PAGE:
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Like many people who set money goals for 2021, you may have your eye on a better credit score. But it can feel like such a big job that it’s hard to know where to start. Try breaking it down into smaller tasks you can check off, one per week:
Check your free credit score and set a goal.
Find out what has the biggest impact on your scores.
Get your credit reports.
Dispute errors or information that is too old to be on your credit reports.
Monitor your credit — without a lot of effort.
Start by getting a free credit score
The first part of your credit journey is finding the “you are here” spot on the map. From there you can set a realistic, achievable goal and see how fast you’re getting there.
Your starting point is your current credit score, which is a three-digit number, usually on a scale of 300 to 850.
There are plenty of ways to get a free credit score. It’s possible you already have access — many credit cards, financial institutions and personal finance websites offer them.
NerdWallet offers a free credit score that is truly free, no credit card required. You can see where you stand and how close you are to the next scoring band, plus get personalized tips on bettering your score.
NerdWallet’s scores update weekly. Don’t worry if your score makes small moves up or down each week — that is normal. Pay attention to the overall direction.
What to expect when getting a free score
When signing up for a score, you’ll be asked for your first and last name, Social Security number, address and birth date.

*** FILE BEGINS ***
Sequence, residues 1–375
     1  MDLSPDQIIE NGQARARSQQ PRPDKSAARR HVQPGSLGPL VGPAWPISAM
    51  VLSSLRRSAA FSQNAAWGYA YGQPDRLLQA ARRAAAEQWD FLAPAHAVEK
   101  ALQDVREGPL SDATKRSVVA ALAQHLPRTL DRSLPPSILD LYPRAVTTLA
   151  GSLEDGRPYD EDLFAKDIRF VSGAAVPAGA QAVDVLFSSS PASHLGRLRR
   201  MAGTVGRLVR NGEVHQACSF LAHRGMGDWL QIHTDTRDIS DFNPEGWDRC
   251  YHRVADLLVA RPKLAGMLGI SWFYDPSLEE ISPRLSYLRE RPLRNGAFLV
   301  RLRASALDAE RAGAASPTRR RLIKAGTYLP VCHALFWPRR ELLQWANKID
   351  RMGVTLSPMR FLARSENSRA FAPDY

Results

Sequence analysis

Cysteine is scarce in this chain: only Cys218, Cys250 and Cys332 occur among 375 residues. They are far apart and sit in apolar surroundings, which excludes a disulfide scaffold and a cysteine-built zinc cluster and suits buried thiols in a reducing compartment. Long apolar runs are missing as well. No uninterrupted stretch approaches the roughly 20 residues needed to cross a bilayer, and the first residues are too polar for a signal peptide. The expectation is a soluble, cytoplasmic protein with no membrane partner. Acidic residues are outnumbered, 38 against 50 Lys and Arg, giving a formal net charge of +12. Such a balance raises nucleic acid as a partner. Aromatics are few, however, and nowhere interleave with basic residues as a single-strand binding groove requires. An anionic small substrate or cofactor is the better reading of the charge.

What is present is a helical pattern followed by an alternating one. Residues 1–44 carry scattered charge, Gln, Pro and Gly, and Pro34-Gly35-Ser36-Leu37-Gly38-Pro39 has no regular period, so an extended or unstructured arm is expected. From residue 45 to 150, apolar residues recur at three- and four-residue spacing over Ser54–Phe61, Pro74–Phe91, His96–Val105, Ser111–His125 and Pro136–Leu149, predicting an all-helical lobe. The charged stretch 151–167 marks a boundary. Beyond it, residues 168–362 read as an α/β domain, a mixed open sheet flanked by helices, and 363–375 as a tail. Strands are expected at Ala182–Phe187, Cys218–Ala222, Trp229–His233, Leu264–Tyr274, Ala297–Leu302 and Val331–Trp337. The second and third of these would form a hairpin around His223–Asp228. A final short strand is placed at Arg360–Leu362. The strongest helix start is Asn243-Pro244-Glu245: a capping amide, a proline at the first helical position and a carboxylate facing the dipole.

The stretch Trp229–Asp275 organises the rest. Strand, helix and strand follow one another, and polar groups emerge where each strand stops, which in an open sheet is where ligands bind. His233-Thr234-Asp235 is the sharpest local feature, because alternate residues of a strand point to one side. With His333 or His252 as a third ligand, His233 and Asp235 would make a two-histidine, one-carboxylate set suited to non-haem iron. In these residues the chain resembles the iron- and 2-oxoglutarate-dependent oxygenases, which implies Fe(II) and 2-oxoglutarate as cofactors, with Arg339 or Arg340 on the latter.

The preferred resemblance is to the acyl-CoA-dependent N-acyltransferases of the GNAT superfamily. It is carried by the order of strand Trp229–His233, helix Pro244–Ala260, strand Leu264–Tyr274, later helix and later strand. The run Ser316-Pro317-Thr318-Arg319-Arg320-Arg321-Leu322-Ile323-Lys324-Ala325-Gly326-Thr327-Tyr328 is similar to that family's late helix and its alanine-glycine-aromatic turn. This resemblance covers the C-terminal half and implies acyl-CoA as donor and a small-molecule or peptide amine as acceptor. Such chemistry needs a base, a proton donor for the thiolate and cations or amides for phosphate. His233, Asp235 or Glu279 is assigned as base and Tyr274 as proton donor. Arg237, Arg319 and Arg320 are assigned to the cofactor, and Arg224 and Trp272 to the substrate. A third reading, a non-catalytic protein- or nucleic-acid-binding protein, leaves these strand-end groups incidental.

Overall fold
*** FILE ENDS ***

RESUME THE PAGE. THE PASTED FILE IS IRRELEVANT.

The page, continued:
After that, you’ll be presented with a series of multiple-choice questions to verify your identity. Because the questions are intended to be ones only you can answer, they can be tough. It will help to know approximate amounts of regular monthly payments you've made on credit accounts, previous addresses and roughly when credit accounts were opened and closed. Enter data carefully; in the event that you cannot correctly answer verifying questions, you may have to wait for up to 30 days to try again.
Once the verification questions are answered correctly, you should have access to your credit score.
What your score means
Expect to see some context for your free score — not just the three-digit number. Knowing whether you are close to moving up to the next credit score range or already comfortably where you want to be can help you set a reasonable, achievable goal.
A solid score is not just bragging rights: It can mean being able to borrow money at a reasonable interest rate, for things like a car, house or even cash in the event of an emergency. It may also help you qualify for a better deal on a cell phone, get the apartment you want, save money on car insurance and avoid having to put down deposits for utilities.
If you are new to credit or haven’t used it in a long time, there may not be enough data to produce a score. In that case, you can try a credit-building product, such as a credit-builder loan, to bulk up your credit history.
What should your goal be?
If you want to, you can shoot for a perfect credit score. But beyond a certain point, a higher score won’t get you better terms on credit. Credit expert John Ulzheimer says a score of 760 or higher is likely to qualify you for the lowest mortgage rates, and 720 is the minimum for the best car loan rates. You can still get loans with scores lower than those, but will probably pay higher interest rates.
Ultimately, your credit score is just a tool for achieving financial goals. Think about how you want to use that tool: Do you want a rewards credit card or a balance transfer card? Are you hoping to qualify for a mortgage? Research the score requirements of the credit card issuer or mortgage lender you are considering.
If that seems impossibly far away, set an interim goal such as adding 20 or 30 points. As long as you’re moving in the right direction, you’ll feel encouraged to keep going.